The growing momentum to keep tobacco products out of pharmacies could result in a ban in New York state, writes David Lombardo for TimesUnion. Legislation began making its way through the capitol in late February that would prohibit the sale of tobacco products in pharmacies, and retailers that operate pharmacies.
Municipalities, including New York City and Albany County, have already imposed their own bans, and tobacco products were voluntarily removed from CVS pharmacies in 2014.
The proposal is strongly supported by the New York State Association of County Health Officials, which identified the restriction as the "most critical" step the state could take regarding retail sale of tobacco.
"Tobacco sales in pharmacies raises ethical questions since tobacco is the only consumer product that, when used as intended, will kill at least one half of its long-term users," the association wrote in a memorandum of support.
"Tobacco companies use health-oriented stores such as pharmacies and drug stores as a tactic to legitimize their products and increase exposure to tobacco marketing and advertising."
In New York, there are 25,000 tobacco-related deaths each year, according to the association.
A restriction is also supported by the American Pharmacists Association, the American Medical Association and the Pharmacists Society of the State of New York.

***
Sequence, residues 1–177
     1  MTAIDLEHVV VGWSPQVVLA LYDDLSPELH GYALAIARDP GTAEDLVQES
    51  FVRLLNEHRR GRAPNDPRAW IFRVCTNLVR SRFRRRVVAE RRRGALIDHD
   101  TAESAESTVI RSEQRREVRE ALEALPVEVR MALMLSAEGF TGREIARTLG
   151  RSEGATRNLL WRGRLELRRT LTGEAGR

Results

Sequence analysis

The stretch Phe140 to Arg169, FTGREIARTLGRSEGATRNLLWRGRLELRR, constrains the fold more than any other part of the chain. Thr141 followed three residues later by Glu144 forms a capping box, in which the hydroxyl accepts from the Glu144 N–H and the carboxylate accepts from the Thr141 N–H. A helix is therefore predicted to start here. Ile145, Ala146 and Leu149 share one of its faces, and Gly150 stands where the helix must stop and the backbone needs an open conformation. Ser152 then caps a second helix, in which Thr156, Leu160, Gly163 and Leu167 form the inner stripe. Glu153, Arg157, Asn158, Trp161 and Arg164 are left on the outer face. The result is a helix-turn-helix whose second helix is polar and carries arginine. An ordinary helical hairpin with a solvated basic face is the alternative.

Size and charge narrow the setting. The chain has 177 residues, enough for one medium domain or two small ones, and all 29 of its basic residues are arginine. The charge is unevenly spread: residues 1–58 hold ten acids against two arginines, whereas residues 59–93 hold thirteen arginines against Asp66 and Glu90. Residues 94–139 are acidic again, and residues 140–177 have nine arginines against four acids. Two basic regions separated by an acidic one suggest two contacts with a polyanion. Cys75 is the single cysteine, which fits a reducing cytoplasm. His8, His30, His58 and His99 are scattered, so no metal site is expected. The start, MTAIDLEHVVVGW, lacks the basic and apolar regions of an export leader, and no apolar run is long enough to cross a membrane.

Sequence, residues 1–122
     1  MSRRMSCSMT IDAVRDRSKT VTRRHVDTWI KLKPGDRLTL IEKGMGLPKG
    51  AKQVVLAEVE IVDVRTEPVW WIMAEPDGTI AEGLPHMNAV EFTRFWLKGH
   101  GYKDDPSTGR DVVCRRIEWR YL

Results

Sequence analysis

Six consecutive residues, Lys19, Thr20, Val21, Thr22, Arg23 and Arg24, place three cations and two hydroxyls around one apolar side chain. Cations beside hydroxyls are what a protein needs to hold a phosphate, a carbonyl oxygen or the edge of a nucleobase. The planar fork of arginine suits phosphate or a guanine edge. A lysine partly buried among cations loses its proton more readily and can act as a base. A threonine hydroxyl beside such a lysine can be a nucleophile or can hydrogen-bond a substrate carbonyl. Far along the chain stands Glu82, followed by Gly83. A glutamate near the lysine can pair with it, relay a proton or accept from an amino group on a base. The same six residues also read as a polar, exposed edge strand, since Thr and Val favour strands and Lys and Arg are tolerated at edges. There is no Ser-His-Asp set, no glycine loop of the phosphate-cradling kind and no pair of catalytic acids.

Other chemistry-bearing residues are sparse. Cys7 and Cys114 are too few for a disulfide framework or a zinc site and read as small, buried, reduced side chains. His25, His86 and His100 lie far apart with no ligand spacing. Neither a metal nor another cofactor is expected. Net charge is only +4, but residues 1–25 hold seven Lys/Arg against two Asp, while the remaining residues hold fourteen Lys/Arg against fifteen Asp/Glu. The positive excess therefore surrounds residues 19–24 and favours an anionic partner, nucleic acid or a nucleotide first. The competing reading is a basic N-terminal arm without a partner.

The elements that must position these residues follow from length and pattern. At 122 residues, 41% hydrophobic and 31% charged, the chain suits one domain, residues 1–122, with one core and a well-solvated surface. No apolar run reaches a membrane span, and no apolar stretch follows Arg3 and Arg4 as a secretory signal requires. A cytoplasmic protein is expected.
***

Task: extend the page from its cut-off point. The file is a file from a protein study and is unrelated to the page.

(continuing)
Senator David Carlucci, a Rockland County Democrat pushing the state-wide ban, said it was "paradoxical" for pharmacies to promote the use of products that are detrimental to people's health.
"Our pharmacies are supposed to be partners in health care," he said.
Decreasing the availability of cigarettes typically leads to decreased use, and 90 percent of Americans live within five miles of a pharmacy, according to Carlucci.
He said there has been a "lot of push back" to the proposal from companies in the tobacco business and acknowledged that the proposed restriction could hurt the foot traffic and margins for small independent pharmacies.
An Albany County ban on the sale of tobacco and nicotine products in pharmacy businesses took effect in September. Companies face a civil penalty of up to $500 a day for any violations.
Albany County previously had the highest percentage of pharmacies selling tobacco products of any county throughout the state, despite CVS and the county's independent pharmacies declining to offer them.
San Francisco was the first municipality to ban tobacco products from pharmacies in 2008. A ban took effect for New York City in January.
In 2014, then-state Attorney General Eric Schneiderman was part of a 29-state coalition urging pharmacy chains to remove tobacco products from their shelves.
Governor Andrew M Cuomo is hoping to curb youth rates of smokingby raising the age to purchase cigarettes to 21 in New York.
A recent report from the New York Public Interest Research Group found that New York has inadequately funded its anti-tobacco programmes for years.
"We've become somewhat lax in this fight," Carlucci said.
His legislation, which would give pharmacies a year to comply with the ban and impose a $2,000 penalty per violation, was up for a vote in the Senate Health Committee in late February. The companion legislation in the Assembly has yet to move through the committee process.
Carlucci anticipates there will be an appetite for the proposal with Democratic control of both houses of the state Legislature. "This is long overdue," he said.Tobacco sales could be phased out at New York pharmacies